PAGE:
Development for Dynamics – how it evolved

By | December 14, 2018

 

A lot has changed for Dynamics developers over the years. I was looking at this old post (well, 6 years old) by Gonzalo Ruiz, and I am still wondering what to make of it now:

http://gonzaloruizcrm.blogspot.com/2012/01/setting-up-your-development-environment.html

I think traditionally we had these 4 options when setting up the environments for the project (well, other than doing development directly in production, of course, which is always an option, too):

  • Option 1: We can use that option described in the blog post above. Which is where there is a master configuration environment, all configuration changes are done there, and all customizations are done in the local development environments. How many environment do we need, though? Well, it’s roughly as many environments as many developers we have on the team plus a few more for QA/UAT/Production
  • Option 2: Instead of that, we might use a shared development environment and use a separate environment for integration. That comes with a lot of funny problems, but, mostly, it’s all about us, Dynamics developers, having to carefully avoid each other. “Don’t touch that since I’m working on it..” – that’s what it usually sounds like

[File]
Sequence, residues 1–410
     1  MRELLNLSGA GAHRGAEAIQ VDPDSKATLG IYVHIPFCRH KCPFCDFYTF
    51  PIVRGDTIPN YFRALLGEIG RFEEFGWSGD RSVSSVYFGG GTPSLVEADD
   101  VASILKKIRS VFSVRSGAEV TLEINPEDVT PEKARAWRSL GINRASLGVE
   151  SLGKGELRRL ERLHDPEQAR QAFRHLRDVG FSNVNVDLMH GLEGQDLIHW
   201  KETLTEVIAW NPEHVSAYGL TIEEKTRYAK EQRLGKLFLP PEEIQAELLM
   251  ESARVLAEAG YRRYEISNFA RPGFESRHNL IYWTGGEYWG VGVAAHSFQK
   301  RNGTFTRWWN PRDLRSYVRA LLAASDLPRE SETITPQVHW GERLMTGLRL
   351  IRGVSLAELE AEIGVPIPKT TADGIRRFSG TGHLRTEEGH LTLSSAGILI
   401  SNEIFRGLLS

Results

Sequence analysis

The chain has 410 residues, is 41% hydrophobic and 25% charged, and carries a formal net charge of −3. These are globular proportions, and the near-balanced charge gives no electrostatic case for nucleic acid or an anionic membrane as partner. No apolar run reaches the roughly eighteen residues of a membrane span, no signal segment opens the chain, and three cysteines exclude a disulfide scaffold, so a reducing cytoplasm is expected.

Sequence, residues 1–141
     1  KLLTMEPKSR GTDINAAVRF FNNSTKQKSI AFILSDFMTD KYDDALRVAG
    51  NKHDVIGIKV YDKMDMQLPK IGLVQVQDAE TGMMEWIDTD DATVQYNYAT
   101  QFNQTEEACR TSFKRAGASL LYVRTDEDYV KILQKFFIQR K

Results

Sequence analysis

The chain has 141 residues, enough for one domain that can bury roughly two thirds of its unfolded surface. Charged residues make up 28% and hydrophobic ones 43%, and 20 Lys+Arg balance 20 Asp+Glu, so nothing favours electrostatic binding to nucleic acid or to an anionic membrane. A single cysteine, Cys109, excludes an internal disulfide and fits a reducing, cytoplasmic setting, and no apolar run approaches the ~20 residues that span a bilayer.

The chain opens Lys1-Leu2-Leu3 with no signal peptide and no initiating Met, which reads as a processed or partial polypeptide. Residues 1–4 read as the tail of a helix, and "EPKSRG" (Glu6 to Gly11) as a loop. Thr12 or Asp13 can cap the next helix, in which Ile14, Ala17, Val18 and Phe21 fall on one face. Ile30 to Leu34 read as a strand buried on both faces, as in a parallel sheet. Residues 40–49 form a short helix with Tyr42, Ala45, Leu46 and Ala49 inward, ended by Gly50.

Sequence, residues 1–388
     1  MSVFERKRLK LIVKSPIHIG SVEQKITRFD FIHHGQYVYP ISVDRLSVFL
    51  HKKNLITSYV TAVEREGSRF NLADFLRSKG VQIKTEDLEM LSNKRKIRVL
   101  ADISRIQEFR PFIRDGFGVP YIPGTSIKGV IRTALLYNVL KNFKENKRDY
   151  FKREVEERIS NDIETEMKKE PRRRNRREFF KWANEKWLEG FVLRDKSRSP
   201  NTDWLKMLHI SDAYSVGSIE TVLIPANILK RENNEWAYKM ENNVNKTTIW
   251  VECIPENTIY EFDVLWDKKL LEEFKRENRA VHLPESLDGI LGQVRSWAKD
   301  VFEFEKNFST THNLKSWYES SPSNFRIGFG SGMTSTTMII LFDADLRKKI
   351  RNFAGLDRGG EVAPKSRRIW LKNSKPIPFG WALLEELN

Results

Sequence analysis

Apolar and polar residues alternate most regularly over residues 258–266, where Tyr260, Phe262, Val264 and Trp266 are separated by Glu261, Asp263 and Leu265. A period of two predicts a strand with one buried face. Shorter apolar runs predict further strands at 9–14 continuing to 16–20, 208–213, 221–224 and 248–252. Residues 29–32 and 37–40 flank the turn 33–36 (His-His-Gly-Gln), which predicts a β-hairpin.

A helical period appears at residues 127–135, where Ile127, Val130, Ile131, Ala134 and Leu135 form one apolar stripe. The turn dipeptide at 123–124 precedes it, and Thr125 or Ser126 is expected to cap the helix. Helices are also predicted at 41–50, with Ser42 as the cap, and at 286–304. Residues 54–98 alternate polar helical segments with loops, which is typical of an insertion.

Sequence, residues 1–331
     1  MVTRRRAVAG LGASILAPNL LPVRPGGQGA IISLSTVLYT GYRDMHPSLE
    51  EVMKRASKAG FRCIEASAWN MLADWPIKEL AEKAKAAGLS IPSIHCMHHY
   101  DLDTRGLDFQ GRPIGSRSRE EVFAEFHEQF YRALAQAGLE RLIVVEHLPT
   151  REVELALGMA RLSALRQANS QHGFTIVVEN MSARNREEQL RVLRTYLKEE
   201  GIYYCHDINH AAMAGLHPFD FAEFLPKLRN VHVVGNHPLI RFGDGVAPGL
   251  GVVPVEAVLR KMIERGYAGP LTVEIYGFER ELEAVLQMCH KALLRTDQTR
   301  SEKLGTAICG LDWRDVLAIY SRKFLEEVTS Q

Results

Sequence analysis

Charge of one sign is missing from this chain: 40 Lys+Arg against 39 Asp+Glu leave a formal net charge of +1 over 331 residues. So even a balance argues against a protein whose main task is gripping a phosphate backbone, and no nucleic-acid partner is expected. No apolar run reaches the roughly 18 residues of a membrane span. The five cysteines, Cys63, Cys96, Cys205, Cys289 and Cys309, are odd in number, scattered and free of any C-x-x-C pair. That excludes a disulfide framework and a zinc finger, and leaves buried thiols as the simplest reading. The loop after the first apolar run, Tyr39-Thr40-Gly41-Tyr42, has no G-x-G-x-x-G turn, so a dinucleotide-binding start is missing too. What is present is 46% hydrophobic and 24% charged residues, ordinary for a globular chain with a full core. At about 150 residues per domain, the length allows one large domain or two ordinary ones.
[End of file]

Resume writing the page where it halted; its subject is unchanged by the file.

• Option 3: We can certainly do custom development in the shared development environment and drop the integration environment altogether.  What we had for Option 2 is becoming even a bit more messy this time around since, yes, we now have to also figure out how to export our changes from this shared environment and bring them to the upper environment (say, QA.. or, possibly, directly to Prod?)

I guess there are some other options, too, but.. As Dynamics projects are moving to the cloud, more and more teams are facing a choice where they have to deal with a limited number of environments. Of course that’s more  a problem for bigger teams than it is for the relatively small teams where it’s easier to coordinate, so, possibly, not every project is affected. But still..

Well, there is always one more option. We could be using a mix of on-premise/online environments through the dual rights licensing.  That sort of defeats the purpose of going online since, out of a sudden, we need to start supporting on-premise environments for development. That creates another challenge since online version is, normally, ahead of the on-premise. Besides, not everything can be developed on-premise these days (thinking of PowerApps, Microsoft Flow, etc)

So, what is your preference? What works for you?

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